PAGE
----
For the purposes of comparing self-reported data to urinary biomarkers, specifically cotinine, which has a short elimination half-life, we restricted our analysis to respondents who identified using products within the past week. For cotinine, a level of ≥10 ng/mL (cutoff) was considered to be indicative of either combusted tobacco or e-cigarette use within the past week.25 Because NNAL is a tobacco-specific biomarker, we used a urinary NNAL cutoff of 14.5 pg/mL to distinguish between tobacco smokers (>14.5 pg/mL) and exclusive e-cigarette users (≤14.5 pg/mL).21,26 A urinary THCA concentration of ≥10 ng/mL was used to identify past-week marijuana use.27
Descriptive statistics (ie, frequency distributions, means, and SDs) were used to describe self-reported use patterns for tobacco smoking, e-cigarette use, and marijuana use. Means, medians, and interquartile ranges (IQRs) were used to describe biomarker levels in each group of self-identified users. Correlations between self-reported use of the different products and urinary metabolites were determined by using the χ2 test of independence or analysis of variance. Parametric tests were followed-up with nonparametric alternatives to confirm P values; the nonparametric P value was considered the accurate value.
All tests of significance were 2 tailed and evaluated at the level of P < .05 and were not adjusted for multiple tests. Analyses were conducted by using SPSS software (version 24; IBM SPSS Statistics, IBM Corporation, Armonk, NY).
Demographics and Self-Reported Tobacco, E-cigarette, and Marijuana Use
A total of 655 eligible patients were approached in the clinics and invited to participate. Of our convenience sample, 79% of those approached (n = 517) were consented for the study. All participants completed the survey and provided a urine sample (Fig 1). After excluding 7% (n = 19) of samples for overly concentrated or dilute creatinine, 51.2% of urine samples (n = 265) were analyzed for cotinine and NNAL. Forty three percent of urine samples (n = 221) was analyzed for THCA. There were 33.8% male respondents, 64.0% female respondents, and 1.9% respondents who were transgender. Approximately half of participants (49.2%) were ages 15 to 17; 22.0% were ages 12 to 14 years, and 28.9% were ages 18 to 21 years old. One respondent did not identify age.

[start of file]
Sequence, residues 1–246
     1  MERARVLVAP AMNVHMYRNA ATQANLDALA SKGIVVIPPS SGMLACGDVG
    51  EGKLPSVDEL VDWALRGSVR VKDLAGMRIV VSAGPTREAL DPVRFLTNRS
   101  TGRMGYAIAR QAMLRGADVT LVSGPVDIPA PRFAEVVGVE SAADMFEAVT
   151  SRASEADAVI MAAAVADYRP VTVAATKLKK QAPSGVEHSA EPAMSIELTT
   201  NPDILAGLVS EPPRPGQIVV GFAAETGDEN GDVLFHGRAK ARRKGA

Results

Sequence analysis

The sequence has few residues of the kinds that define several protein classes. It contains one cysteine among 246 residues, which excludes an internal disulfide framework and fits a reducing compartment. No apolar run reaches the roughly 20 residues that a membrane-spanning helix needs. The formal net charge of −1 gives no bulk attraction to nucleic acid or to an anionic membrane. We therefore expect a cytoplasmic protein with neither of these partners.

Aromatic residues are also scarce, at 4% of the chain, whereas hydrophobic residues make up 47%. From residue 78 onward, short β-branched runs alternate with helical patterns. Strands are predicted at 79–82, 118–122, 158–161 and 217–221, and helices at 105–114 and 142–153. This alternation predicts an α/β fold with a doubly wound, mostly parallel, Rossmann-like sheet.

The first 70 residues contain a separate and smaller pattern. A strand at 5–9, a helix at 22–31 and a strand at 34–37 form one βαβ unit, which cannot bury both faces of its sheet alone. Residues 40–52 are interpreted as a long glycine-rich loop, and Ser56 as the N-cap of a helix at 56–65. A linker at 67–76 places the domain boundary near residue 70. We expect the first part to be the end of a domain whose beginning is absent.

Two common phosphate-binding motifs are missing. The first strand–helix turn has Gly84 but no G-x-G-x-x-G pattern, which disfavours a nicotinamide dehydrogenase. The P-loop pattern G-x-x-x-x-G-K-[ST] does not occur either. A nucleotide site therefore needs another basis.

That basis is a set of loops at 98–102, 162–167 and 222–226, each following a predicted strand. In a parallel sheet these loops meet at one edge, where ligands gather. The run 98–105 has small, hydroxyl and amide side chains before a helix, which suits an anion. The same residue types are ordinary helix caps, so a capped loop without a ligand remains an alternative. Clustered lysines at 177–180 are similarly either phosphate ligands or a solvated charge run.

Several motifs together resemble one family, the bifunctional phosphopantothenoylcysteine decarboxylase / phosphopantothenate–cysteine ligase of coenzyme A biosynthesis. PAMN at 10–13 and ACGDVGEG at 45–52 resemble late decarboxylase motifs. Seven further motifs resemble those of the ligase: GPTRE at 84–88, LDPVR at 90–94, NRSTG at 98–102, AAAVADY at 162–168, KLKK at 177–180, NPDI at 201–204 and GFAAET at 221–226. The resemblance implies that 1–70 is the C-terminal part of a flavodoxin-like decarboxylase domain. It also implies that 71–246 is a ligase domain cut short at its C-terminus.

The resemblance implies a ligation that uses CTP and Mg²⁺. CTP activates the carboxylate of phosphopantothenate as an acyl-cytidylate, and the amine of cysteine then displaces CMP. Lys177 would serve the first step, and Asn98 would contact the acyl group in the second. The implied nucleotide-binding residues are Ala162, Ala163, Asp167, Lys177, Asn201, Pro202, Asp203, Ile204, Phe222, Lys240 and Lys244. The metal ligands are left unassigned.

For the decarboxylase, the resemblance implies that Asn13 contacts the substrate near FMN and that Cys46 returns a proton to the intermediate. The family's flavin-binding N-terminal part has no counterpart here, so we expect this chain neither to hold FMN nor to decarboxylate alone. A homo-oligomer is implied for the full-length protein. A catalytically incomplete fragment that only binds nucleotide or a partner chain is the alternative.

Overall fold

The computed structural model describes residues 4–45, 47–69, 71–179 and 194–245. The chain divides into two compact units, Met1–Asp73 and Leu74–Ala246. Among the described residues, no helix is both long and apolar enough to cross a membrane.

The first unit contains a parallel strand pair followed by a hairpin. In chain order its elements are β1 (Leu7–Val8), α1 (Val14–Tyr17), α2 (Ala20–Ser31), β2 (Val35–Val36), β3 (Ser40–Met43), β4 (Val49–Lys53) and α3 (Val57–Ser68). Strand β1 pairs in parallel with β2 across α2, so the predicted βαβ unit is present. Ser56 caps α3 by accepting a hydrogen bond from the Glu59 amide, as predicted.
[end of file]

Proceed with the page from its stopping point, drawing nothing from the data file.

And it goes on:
Of our consented participants (n = 517), 13.9% reported ever use of tobacco, 36.0% reported that they had ever tried e-cigarettes, and 31.3% report that they had ever tried marijuana. Only 2.9% reported smoking in the past week; 14.3% reported past-week e-cigarette use, and 11.4% reported past-week marijuana use (Table 1). Among self-reported past-week smokers or e-cigarette users (n = 81), 11% only smoked, 78% only used e-cigarettes, and 14% both smoked and used e-cigarettes (“dual users”). Among all surveyed (n = 517), 2.1% reported daily smoking, 3.9% reported daily e-cigarette use, and 5.4% reported daily marijuana use. More than half of those surveyed (53%) reported never trying tobacco, e-cigarettes, or marijuana.
A significant proportion of study participants reported concurrent smoking or e-cigarette use and marijuana use: 67% of past-week smokers were past-week marijuana users, 55% of past-week e-cigarette users were also past-week marijuana users, and 67% of past-week dual users were past-week marijuana users. By comparison, 2% of never users of tobacco smoke were current marijuana users, and 11% of never users of e-cigarettes had ever tried marijuana.
Biomarkers and Self-Reported Use of Tobacco, E-cigarettes, and Marijuana